Telegraph cartoonist Adams captures this sentiment by picturing US President Barack Obama penning a letter to Israeli PM Netanyahu reading "Dear Benjamin, Stop Bombing Gaza..." before posting it off in a parcel full of missiles. His Independent counterpart, Dave Brown, sees Mr Netanyahu using a shell-shaped sledgehammer to crack a nut.
Many a true word?
A cartoon by German paper Bild, depicting British tourists as rowdy boozers, hit headlines in the UK this week. And the Sun has delivered an illustrated riposte. "We are reminding our EU pals they are not short of a few stereotypes themselves," it says.
Drawn by Steve Bright, the cartoon features a couple goose-stepping to the pool, with the husband carrying bratwurst and sauerkraut - along with a bundle of towels for reserving sunloungers. "Boring Mrs German has her diary and books for the beach and prefers her own supplies of coffee and bread," the paper adds.
Jan Moir writes in the Mail that Germany "fired the first salvo in the annual Brit-Kraut seaside offensive," by describing us as "stupid, overweight, lecherous, drunk, ugly, flesh-spilling vulgarians". But she adds: "The terrible truth is, they are right."
As if to illustrate the point, the Daily Star reports that "there's no taming Magaluf sex Brits", above a photograph of some holidaymakers in various states of undress. A police crackdown on lewd behaviour seems to have failed, it says, citing footage exposing the "mamading" trend in which clubbers are "urged to perform sex acts in exchange for booze".
In spite of all that, the Times reports that a survey of Europeans aged 16 to 24 has concluded that "English people make the best travel companions", largely because their language comes in handy while on tour.
And the Telegraph's Judith Woods, writing from a Sicilian sunlounger nabbed before "the pre-dawn Teutonic towel invasion", argues that we shouldn't be "beastly to the Germans" because stereotypes aren't really intended as insults. "We may not like or agree with all their stereotypes about us, but the same applies vice versa. Cliches by their definition contain a grain of truth - and a grain of truth is the grit in the oyster that results in a pearl of wisdom."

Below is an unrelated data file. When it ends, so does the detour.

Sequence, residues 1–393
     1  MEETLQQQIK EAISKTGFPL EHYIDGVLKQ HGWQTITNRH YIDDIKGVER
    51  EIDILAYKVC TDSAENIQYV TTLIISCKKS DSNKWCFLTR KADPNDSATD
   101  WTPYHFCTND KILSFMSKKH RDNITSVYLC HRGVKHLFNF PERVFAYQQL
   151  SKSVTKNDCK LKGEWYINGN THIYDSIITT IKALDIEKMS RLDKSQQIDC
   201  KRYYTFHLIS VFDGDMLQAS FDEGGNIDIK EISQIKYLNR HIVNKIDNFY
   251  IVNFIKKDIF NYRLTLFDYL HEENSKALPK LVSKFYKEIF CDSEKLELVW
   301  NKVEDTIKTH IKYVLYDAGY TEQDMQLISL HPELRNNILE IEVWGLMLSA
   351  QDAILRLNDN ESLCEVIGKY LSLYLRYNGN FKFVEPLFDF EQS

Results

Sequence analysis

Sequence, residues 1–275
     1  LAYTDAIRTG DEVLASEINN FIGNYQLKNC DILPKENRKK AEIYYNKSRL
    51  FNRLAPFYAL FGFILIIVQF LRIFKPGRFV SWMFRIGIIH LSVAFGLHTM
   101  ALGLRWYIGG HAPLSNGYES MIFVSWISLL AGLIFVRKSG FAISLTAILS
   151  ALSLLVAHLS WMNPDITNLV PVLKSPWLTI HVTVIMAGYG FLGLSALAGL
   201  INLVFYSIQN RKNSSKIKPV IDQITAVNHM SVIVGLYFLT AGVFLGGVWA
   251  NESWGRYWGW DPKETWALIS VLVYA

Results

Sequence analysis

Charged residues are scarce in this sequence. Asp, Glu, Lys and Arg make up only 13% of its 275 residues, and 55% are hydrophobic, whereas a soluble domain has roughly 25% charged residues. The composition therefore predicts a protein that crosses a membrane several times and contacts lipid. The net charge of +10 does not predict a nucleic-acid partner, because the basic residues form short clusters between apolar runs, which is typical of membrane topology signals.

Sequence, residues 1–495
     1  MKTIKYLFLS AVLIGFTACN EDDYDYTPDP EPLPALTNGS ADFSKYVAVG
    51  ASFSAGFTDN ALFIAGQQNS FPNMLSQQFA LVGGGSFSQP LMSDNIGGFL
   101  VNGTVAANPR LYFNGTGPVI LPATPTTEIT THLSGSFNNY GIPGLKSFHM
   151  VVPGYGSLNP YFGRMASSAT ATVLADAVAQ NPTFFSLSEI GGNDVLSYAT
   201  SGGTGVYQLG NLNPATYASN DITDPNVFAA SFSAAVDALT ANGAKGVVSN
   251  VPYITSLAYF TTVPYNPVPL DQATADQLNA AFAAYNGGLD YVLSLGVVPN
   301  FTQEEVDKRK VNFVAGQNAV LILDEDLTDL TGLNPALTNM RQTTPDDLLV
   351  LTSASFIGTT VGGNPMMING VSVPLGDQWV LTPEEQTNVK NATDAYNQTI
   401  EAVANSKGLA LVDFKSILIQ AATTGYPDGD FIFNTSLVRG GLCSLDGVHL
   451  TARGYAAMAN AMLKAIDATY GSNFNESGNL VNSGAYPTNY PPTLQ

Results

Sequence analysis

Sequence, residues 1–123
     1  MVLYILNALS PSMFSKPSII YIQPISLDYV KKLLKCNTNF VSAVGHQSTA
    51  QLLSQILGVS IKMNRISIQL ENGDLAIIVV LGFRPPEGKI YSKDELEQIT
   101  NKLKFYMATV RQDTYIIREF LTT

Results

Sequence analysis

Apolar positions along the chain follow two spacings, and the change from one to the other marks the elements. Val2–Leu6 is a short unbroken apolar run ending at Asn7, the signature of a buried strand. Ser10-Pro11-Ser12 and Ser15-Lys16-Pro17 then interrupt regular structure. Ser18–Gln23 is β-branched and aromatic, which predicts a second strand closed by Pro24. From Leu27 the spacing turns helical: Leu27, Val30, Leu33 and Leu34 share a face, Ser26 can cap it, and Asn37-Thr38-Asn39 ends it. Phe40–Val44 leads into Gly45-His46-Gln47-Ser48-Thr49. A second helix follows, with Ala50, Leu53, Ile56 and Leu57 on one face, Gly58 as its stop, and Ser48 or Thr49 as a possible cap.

'Worth fighting over?'
"The face that launched a thousand spats," is how the Daily Telegraph describes the visage of Miranda Kerr, as Hannah Betts wonders what it is about the model that inspired a "brawl" - captured on video - between her ex, actor Orlando Bloom, and pop star Justin Bieber.
"This is not the only skirmish Kerr appears to have inspired. The model was the occasion of a savage street brawl three months ago between billionaire businessman James (son of Kerry) Packer and television executive David Gyngell, his former best man," she writes.
"Worth fighting over?" asks the Sun, adding: "You'd better Belieb it." In the Mail, Jan Moir dismisses the Bloom-Bieber incident as little more than handbags-at-dawn. "As great fights go, this one got up and went. It was like watching an Andrex puppy trying to knock the skin off a rice pudding."
The Daily Mirror catches up with a model who gives a more compelling account, saying: "Orlando got up, hurdled the sofa and punched Bieber." For the i's Jessica Barrett, reports of the incident "keep getting worse (better)" as she notes the presence of a "celebrity audience" including Lindsay Lohan, P Diddy and Paris Hilton.
And the Daily Star is fully supportive of the English actor, noting that America "saluted Orlando Bloom" by starting a petition to ask the White House to declare a national holiday in honour of his "knuckle sandwich".
"Violence isn't to be encouraged but it's fair to say Bieber had it coming," says its editorial, listing as reasons the Canadian's regular arrests in the US, late arrival at UK concerts and face "you'd love to hit".